Leaders explore the latest trends in philanthropy

Leaders explore the latest trends in philanthropy

Patricia Barretto (from left), Jason Baxendale, and Jennifer Steans explore the latest trends in philanthropy with moderator Brenda Asare.

By Brittany Grosser-Basile | Student reporter

Nonprofit leaders from across Chicago filled Wintrust Hall in June for the wait-listed event As Good as It Gives: America’s Philanthropy Today. The event, hosted by the Alford Group, Lipman Hearne, and the Baumhart Center, explored the climate of philanthropy in America today and the importance of storytelling in fundraising.

The event started with good news: philanthropy in the U.S. is growing, according to Giving USA 2018. The Alford Group’s Sharon Tiknis and Diane Knoepke noted that an estimated $410.02 billion was given in 2017. This is a 3% increase from 2016, with inflation adjusted dollars. Also in 2017, the top 10 donors gave charitable gifts equaling $10.2 billion.

Megadonor archetypes

This led to the question: how do the philanthropic wealthy make their decisions? Lipman Hearne’s Colleen O’Grady and Sara Stern began by looking through the personal statements of those who have made the Giving Pledge—an open invitation by Warren Buffett and Bill Gates to the world’s billionaires to pledge half or more of their wealth to charities during their lifetime.

They then presented five megadonor archetypes, and suggested that understanding which archetype best characterizes an organization’s donors can help fundraisers better understand and connect with their donors.  

The event culminated with Brenda B. Asare, president and CEO of the Alford Group, moderating a discussion featuring the following three panelists:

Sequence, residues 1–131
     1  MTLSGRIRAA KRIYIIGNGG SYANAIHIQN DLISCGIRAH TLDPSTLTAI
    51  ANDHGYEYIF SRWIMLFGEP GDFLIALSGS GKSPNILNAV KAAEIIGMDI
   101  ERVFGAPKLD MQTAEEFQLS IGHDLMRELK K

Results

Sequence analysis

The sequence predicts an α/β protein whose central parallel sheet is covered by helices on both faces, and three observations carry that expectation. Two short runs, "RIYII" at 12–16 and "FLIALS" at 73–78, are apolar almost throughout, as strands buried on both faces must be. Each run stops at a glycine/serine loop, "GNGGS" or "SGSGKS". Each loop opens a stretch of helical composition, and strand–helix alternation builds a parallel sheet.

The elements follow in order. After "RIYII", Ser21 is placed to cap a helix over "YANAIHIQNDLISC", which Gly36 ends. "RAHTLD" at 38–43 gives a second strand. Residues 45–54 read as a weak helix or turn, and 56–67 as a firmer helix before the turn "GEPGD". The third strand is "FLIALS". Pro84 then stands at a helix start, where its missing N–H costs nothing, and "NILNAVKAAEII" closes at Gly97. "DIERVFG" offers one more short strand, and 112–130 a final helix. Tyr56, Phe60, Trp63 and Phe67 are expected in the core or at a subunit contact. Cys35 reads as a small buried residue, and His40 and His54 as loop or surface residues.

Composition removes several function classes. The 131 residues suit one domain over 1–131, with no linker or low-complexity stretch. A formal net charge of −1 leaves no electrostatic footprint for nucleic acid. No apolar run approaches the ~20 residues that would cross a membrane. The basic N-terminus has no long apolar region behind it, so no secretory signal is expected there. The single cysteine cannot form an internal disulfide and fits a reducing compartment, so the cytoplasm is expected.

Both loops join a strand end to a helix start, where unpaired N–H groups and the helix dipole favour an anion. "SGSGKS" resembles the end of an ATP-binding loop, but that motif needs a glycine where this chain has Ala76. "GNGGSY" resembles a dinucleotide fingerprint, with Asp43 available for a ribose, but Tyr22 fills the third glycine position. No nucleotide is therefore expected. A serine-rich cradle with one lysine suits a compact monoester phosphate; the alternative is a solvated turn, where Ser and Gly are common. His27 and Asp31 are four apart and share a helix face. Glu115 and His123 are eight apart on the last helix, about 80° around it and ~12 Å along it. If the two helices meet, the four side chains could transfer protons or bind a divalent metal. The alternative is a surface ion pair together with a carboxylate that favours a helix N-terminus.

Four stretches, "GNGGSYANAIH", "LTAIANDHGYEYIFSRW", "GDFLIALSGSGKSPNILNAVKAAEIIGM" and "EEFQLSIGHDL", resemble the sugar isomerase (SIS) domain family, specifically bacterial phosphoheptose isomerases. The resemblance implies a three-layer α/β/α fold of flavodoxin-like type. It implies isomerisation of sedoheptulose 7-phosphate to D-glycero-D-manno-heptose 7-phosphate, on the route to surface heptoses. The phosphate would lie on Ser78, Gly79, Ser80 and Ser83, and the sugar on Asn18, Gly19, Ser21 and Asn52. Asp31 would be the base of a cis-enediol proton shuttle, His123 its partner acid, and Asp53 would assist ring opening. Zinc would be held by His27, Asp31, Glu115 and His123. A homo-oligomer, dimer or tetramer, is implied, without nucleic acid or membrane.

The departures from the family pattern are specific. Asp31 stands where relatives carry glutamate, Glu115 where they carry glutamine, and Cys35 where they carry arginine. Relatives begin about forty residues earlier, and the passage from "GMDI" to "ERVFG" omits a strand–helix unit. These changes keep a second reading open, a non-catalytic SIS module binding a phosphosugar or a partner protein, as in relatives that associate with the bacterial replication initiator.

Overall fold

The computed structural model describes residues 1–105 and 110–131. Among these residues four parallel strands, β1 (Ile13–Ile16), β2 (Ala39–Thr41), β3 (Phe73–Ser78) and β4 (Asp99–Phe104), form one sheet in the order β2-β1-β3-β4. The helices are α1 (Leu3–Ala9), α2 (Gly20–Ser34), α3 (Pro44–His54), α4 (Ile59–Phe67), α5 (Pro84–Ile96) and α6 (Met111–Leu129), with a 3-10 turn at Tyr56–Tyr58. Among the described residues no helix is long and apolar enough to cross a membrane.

• Patricia Barretto, President & CEO, Joan W. and Irving B. Harris Theater for Music and Dance
  • Jason Baxendale, Chief Development Officer, The Chicago Community Trust
  • Jennifer W. Steans, President and CEO, Financial Investments Corporation

Key takeaways

During the discussion, three common themes appeared:

  1. Listen to your donors and their motivations for giving
    To understand donors, one must listen. Baxendale emphasized that the key to marrying “donor motivation and our mission is to listen.” Steans later built off this point, saying “There’s a broad array of motives that donors have, so you can channel your story by listening to their motives.”
  2. Be true to your organization and its mission
    Barretto said that “our number one goal is the art of telling our stories and doing it succinctly.” It is important to keep in mind that the story told needs to appeal to the donor, while authentically reflecting the core values of the organization. She continued, “At the end of the day, it is my responsibility to keep the mission.”
  3. Large or small, all gifts help organizations further their mission
    An audience member posed a question of whether smaller donors leave when they hear about “mega gifts.” Barretto responded by saying that it certainly can be a challenge because smaller donors “think their gift won’t be as significant.” But she emphasized that “gifts of all sizes are equally important, and we welcome all gifts.”

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